In the past, the international community have expressed frustration with Machar and his unrelenting desire for power in South Sudan. The structure of the peace deal which favoured the government, the high military presence in Juba prior to Machar’s arrival and lack of condemnation by the international community towards the government all suggest a lack of sympathy for Machar and even willingness to look the other way if his death were to clear the way for the more placid Taban Deng.
Today, there are an estimated 800 000 South Sudanese refugees in Uganda. Yet neighboring countries including Uganda and Kenya are more than simply hosts; they are part and parcel of the conflict. Uganda has something of a reputation for getting involved in regional conflicts, from DRC to Rwanda and, in 2013, South Sudan.
Unlike ECOWAS, The East African Community is weak and unwilling to prevent Ugandan military intervention. Similarly, the AU is a toothless entity that seems bent on protecting heads of state in whatever they do.
Uganda’s agenda in South Sudan is undoubtedly economic. Indeed, speaking on UPDF operations in the country, President Museveni has confessed that Uganda “intervened in South Sudan to protect the food [supply] and Ugandan interests.”
The UPDF does not have a strong track-record of helping quell tensions in times of crisis (consider its operations against the LRA). However, Uganda does have a strong track record of attracting large humanitarian funds to support its growing refugee population. The influx of fleeing South Sudanese citizens adds dollars to the economy, creates jobs for relief staff and allows local NGOs to thrive. There are clear economic benefits to instability in South Sudan where Uganda is concerned, not least its signing of military agreements with the Juba regime.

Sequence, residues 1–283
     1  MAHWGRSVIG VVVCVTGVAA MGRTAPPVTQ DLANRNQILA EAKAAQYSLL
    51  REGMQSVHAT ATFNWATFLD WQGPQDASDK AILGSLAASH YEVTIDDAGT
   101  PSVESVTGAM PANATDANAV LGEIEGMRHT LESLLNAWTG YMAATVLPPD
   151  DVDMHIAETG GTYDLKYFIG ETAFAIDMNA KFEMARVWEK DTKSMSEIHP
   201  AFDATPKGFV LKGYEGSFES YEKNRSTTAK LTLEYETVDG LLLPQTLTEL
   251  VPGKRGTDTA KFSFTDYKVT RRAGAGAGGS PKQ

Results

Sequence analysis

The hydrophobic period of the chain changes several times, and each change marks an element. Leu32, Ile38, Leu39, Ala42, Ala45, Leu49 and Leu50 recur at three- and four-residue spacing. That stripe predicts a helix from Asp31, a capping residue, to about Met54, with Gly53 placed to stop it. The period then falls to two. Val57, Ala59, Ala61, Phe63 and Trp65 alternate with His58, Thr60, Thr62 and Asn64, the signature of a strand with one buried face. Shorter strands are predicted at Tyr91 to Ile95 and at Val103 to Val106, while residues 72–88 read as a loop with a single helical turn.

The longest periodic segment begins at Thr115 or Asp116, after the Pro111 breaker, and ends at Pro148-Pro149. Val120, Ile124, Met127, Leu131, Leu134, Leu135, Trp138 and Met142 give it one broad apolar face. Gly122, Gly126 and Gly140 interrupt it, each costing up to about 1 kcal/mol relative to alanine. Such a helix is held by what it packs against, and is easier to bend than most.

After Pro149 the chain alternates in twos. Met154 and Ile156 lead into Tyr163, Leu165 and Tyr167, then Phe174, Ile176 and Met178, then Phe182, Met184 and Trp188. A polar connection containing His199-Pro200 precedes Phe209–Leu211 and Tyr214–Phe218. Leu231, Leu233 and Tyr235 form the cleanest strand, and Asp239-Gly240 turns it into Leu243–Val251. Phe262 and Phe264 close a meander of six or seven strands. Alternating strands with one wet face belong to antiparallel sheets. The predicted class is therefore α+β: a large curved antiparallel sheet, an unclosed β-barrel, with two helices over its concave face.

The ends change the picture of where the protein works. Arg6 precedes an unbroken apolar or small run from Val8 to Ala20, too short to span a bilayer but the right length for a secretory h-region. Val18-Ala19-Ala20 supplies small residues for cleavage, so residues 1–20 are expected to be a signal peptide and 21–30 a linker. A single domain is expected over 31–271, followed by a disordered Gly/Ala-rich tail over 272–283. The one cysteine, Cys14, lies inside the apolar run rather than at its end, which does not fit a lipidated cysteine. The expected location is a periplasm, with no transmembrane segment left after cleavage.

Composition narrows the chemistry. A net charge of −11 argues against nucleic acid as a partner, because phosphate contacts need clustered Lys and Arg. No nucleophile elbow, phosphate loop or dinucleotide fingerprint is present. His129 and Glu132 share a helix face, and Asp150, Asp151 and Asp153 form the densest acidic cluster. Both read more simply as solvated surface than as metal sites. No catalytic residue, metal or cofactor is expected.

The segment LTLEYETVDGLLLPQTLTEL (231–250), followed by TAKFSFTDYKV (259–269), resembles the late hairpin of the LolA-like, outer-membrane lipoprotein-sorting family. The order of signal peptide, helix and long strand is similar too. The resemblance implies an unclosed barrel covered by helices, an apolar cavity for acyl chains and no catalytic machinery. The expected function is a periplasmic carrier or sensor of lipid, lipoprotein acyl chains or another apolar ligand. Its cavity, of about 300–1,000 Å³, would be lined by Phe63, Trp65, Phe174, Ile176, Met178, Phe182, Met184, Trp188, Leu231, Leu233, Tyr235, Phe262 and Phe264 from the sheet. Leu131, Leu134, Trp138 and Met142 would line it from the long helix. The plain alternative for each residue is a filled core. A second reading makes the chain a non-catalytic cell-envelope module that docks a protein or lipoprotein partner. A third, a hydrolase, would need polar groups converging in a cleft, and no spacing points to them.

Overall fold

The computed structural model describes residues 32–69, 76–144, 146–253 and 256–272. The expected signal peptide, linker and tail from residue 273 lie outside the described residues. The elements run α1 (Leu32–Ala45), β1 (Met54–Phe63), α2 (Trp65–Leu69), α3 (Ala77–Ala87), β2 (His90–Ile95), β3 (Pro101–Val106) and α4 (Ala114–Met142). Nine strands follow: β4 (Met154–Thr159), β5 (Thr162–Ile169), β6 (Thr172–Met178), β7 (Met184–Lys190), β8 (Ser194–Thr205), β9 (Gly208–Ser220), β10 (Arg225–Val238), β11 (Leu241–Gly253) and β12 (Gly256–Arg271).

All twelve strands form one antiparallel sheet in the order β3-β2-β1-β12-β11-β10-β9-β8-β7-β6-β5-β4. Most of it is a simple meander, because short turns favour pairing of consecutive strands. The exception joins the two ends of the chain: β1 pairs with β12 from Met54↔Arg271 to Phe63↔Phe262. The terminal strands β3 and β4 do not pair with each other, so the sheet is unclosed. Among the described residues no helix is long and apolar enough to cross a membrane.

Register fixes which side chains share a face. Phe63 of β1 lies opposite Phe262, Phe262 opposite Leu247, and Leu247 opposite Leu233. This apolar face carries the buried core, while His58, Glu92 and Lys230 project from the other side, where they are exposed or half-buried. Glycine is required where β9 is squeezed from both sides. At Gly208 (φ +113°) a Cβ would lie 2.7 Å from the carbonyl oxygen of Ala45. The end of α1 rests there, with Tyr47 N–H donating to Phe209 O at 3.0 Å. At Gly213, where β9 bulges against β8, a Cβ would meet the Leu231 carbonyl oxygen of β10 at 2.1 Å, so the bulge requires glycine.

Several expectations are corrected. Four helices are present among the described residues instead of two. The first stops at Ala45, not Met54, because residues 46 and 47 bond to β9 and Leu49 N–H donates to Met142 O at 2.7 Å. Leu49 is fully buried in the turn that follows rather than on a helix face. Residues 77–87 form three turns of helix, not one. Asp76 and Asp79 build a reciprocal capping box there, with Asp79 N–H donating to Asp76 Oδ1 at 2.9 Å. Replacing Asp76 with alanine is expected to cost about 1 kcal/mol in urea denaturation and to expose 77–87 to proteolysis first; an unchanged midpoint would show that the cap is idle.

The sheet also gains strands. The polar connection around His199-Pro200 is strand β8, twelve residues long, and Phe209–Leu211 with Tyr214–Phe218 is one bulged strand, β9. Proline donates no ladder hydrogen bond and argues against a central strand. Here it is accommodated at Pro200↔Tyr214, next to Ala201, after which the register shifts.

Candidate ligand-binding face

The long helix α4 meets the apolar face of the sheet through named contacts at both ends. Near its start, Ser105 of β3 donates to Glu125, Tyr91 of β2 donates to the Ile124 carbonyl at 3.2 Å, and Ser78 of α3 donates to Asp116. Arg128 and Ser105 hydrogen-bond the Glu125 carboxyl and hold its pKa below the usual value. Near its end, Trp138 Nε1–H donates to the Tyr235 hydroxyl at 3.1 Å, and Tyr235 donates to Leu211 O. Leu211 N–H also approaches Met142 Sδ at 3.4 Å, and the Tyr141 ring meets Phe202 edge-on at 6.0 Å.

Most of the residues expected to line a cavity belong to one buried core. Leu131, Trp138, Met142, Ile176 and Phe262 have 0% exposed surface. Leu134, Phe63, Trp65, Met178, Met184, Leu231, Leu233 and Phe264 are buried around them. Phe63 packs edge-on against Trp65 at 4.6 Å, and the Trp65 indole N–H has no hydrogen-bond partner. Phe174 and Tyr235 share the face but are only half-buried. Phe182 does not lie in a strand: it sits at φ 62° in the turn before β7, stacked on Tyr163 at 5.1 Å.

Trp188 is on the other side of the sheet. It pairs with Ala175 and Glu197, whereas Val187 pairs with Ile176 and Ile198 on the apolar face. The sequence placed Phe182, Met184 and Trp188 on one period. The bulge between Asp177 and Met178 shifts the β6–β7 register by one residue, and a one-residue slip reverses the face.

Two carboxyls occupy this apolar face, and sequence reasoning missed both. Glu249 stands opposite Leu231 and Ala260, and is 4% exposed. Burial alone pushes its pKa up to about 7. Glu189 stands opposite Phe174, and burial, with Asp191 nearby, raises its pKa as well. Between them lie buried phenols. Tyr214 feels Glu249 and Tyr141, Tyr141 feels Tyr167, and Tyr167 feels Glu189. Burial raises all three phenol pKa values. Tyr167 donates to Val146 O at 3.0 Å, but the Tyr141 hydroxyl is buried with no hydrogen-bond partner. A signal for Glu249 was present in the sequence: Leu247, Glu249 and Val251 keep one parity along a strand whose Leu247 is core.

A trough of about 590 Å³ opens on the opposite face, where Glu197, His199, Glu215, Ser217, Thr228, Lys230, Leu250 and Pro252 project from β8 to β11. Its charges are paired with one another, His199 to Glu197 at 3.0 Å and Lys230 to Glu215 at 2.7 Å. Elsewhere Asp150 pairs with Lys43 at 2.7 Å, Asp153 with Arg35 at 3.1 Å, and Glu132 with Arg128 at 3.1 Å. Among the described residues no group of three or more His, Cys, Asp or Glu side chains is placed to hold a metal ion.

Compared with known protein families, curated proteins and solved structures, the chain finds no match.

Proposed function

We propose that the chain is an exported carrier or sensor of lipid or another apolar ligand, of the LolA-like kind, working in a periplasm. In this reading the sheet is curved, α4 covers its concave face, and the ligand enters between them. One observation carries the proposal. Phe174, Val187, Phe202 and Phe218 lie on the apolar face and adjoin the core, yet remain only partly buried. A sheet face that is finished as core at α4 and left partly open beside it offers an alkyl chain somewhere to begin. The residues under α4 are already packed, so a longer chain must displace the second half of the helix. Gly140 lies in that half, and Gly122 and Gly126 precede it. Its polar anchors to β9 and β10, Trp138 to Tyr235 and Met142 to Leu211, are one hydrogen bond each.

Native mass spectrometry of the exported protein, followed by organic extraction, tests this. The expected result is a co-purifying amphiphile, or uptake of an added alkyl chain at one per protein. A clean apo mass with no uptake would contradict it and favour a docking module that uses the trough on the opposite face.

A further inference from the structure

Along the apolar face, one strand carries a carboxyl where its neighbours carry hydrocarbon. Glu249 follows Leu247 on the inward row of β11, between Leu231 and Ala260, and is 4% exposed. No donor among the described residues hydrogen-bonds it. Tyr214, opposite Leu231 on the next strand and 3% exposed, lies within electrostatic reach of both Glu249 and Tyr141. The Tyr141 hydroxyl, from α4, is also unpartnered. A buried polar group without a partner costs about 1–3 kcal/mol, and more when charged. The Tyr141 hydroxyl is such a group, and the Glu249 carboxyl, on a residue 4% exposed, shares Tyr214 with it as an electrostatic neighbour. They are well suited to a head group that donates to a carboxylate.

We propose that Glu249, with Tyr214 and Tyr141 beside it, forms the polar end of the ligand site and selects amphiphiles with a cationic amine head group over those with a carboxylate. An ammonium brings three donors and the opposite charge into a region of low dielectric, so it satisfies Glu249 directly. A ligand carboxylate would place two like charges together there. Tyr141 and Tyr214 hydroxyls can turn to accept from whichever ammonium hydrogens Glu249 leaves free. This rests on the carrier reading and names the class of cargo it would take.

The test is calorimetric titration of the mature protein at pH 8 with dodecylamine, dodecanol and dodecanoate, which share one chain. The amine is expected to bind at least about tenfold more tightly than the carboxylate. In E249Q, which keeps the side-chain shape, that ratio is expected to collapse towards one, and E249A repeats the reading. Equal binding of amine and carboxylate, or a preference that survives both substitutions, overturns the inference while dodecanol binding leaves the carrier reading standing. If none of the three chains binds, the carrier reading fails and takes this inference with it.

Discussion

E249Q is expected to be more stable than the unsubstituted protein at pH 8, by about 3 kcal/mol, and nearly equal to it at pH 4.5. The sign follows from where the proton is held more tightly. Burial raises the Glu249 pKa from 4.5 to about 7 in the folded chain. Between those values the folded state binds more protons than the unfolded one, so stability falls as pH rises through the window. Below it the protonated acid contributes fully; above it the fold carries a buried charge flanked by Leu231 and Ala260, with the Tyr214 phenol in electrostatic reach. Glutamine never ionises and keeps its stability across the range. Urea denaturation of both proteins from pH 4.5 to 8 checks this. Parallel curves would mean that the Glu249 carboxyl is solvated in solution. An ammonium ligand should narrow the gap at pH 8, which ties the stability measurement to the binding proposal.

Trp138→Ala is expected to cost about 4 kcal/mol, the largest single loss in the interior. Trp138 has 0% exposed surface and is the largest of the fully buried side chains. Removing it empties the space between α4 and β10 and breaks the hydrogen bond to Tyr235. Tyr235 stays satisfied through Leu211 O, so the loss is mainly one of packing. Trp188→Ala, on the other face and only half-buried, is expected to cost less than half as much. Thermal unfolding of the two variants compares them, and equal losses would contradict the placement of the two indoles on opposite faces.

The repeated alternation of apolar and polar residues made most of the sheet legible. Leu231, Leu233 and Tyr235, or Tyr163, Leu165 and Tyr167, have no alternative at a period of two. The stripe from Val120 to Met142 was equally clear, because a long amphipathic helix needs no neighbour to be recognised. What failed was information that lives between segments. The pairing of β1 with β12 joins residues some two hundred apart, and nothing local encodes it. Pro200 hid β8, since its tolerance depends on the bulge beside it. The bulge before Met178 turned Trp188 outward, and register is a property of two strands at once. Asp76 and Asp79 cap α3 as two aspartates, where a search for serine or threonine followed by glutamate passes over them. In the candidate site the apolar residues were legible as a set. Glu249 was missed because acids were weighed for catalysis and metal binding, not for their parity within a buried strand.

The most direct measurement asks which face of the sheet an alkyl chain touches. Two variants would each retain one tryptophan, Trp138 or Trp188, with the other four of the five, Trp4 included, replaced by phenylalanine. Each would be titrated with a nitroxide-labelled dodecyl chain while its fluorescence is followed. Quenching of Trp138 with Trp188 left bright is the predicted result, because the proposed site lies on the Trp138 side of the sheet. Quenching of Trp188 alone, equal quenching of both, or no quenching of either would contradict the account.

If its neighbour can’t be trusted, who will stop the alleged genocide taking place? From the furthest corners of the arena, the UK has profiled the violence as genocide, while closer onlookers- the AU, IGAD, Uganda, and Kenya- watch silently or directly contribute to the violence.
The Ugandan media is noticeably silent about the genocide in South Sudan. While certain taboos- such as the issues surrounding feminine hygiene, raised very ‘creatively’ by Dr. Nyanzi- are splashed across front pages, a genocide which could implicate government laxity is perhaps to risky for editors to cover. There is payoff for Museveni in a controversial news story about women’s menstrual cycles- he has always depended on the female vote. There is little payoff in uncovering the brutal killing of brothers and sisters in South Sudan, pointing to a disgustingly disinterested media, or more likely, a very fragile illusion of press freedom in the country. Either way, it begs the question: who is supposed to raise the alarm if not the neighbors’ media?